Here's the lowdown on real estate battle in Mumbai between top fashion designers

By keeping alive the city's heritage, they prove how culturally committed they are

Even as temperatures in Mumbai are rising, things are heating up in the city between some of our leading fashion designers. This month sees them battling a real-estate war—with each vying for a building in Kala Ghoda, the city’s historic heritage precinct.

Sabyasachi Mukherjee, the country’s most successful fashion designer by revenue alone, is moving from his grand basement-plus-one sumptuous boutique at a Rampart Row brownstone. He is moving to an even grander location, taking over an entire new-classical building facing Horniman Circle and in the same line as the Hermes and Christian Louboutin boutiques. Sabyasachi’s new address is a 100-year-old colonial edifice that housed the HSBC Asset Management headquarters from 1970 to 2021. It was then sold for Rs83 crore (although it was listed in 2020 for Rs100 crore) to the Karan Chand Thapar Group of Kolkata, a conglomerate with interests in real estate, aquaculture and coal. Sabyasachi, under the aegis of his new investors—the Aditya Birla Fashion and Retail Limited (ABFRL)—will pay a monthly rent of approximately Rs1 crore for the ground-plus-four structure, measuring 40,000 sqft.

The Kolkata-based designer, who turned 49 last week, is mere weeks away from opening. The new space will house his couture, ready-to-wear, jewellery and home collection. This real-estate deal is said to be the biggest since Zara opened at Flora Fountain’s 50,000 sqft Ismail Building.

Inside Anita Dongre’s flagship store in Kala Ghoda | Courtesy  Instagram / Anitadongre Inside Anita Dongre’s flagship store in Kala Ghoda | Courtesy Instagram / Anitadongre

Sabya’s mega opening has been beaten by another uber successful designer. Anita Dongre opened her flagship last week, taking over the main road-facing historic Sassoon Building. Dongre has lovingly restored the 200-year-old building that faces the David Sassoon Library and the University of Mumbai. The ground-plus-three storied building measures 8,500 sqft. Dongre has retained the original teak balconies, the hand-painted ceramic tiles, iron railings, wooden staircase, and restored the stained glass patterns.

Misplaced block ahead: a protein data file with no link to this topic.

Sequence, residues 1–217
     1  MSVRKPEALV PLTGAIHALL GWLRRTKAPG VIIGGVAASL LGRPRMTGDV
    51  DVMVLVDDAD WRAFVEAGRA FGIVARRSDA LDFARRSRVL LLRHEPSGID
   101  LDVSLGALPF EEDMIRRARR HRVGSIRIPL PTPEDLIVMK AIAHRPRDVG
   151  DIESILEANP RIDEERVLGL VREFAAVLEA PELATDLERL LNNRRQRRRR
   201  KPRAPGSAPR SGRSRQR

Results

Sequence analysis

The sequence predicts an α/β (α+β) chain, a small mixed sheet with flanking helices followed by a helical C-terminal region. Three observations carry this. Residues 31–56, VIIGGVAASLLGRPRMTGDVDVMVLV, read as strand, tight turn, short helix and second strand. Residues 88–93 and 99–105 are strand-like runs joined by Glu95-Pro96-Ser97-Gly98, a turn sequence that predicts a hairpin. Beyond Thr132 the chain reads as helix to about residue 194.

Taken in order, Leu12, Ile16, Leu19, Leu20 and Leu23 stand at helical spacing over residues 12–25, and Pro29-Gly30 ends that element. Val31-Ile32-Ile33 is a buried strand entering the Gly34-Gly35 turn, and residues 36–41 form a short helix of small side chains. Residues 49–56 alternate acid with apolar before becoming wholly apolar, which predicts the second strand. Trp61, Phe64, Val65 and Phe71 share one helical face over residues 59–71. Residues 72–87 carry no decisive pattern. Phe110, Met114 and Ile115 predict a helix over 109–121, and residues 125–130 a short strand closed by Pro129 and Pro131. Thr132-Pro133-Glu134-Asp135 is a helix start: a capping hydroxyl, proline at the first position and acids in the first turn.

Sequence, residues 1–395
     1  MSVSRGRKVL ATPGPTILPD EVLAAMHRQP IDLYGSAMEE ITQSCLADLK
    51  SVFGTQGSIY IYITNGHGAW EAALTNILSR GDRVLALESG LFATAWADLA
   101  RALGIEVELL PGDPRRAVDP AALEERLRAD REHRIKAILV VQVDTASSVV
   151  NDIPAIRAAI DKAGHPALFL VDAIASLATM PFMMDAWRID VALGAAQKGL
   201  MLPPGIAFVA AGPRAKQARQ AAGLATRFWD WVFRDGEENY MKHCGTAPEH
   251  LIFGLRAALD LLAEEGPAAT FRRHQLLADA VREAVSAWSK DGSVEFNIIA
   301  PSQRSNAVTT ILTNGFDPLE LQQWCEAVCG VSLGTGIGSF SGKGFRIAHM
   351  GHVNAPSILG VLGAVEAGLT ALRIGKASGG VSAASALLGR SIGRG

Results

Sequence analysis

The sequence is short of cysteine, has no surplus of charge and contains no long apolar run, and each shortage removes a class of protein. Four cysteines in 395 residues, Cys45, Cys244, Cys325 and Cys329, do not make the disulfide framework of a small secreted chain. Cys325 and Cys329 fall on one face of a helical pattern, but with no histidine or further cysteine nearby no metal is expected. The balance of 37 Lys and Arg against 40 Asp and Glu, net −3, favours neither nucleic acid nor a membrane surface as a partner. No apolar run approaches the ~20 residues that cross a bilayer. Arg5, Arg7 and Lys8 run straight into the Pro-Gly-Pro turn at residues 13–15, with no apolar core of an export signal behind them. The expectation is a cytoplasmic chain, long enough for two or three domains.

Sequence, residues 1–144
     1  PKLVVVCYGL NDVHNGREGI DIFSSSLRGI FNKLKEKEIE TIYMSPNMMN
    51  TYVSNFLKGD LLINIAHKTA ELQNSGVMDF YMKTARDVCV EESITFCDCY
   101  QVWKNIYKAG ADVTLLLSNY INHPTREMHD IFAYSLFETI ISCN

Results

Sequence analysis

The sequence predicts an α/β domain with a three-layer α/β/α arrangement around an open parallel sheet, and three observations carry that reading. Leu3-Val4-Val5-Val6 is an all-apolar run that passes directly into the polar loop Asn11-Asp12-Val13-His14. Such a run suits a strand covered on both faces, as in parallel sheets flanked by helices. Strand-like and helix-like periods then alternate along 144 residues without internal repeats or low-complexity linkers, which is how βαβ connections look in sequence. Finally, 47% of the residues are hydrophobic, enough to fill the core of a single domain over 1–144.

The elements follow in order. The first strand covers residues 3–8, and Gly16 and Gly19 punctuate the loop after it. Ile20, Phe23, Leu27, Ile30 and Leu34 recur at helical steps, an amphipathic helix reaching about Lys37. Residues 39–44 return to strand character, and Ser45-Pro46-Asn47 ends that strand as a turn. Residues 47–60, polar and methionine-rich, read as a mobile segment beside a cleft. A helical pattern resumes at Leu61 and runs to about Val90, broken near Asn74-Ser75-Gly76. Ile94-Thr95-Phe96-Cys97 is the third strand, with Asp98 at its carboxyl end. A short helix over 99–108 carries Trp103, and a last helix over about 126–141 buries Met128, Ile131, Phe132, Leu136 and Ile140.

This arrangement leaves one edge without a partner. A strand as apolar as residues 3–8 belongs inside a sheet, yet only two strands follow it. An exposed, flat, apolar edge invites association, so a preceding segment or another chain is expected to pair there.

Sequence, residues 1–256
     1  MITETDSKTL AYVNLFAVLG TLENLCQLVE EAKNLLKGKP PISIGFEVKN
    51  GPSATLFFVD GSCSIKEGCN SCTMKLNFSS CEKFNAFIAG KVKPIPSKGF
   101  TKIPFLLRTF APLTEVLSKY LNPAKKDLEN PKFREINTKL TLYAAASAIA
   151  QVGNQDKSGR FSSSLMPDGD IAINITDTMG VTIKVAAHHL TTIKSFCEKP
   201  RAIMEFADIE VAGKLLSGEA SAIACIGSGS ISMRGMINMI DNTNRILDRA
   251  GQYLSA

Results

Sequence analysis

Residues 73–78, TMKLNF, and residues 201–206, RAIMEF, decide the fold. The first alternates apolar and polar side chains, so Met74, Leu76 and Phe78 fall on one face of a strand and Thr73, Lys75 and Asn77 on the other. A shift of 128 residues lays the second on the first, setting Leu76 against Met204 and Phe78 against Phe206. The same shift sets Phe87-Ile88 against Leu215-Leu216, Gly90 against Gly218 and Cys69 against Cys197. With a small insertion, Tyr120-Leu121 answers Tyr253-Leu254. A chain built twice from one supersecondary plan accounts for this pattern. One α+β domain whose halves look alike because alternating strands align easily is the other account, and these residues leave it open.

“Bombay is my home and the Sassoon Building has witnessed every change in this city,” she stated. “By restoring this building, we wanted to keep as much of the original form as we could…. I wanted to bring back the luxury of the 19th century and have it meet the effortless grace of the 21st century. It has been a particular joy to realise a vision that mixes Indian crafts with colonial architecture, against art that celebrates nature’s bounty.”

When I visited, her brother Mukesh Sawlani, who is also the chairman of the brand, showed me around. One floor is dedicated to bridal-wear, another to menswear, a third to grassroots, and the ground floor showcases her accessories. Dongre’s walls are celebratory, with nature-inspired pichwais and wallpaper.

Also opening this week is Delhi designer Gaurav Gupta’s passion project. Gupta, who has just showcased at the Paris Fashion Week, was one of the first to open a store at the Kala Ghoda precinct. His Mumbai flagship was right across the Jewish Synagogue in the area’s leafy lanes. While there were rumours of the designer moving into the three-storied Delhi Art Gallery building nearby, Gupta seems to have found an equally charming and sizable property a few lanes away. His ground-plus-two storied boutique opened at Sanwa House this weekend. “I just needed a bigger space,” he says with a smile.

This lapping up of prime real estate in Mumbai only means one thing: Indian bridal designers are truly raking in the big bucks. But in undertaking gargantuan architectural projects such as these, painstakingly keeping alive Mumbai’s heritage and paying homage to the mega city, they have also proved how culturally committed they truly are.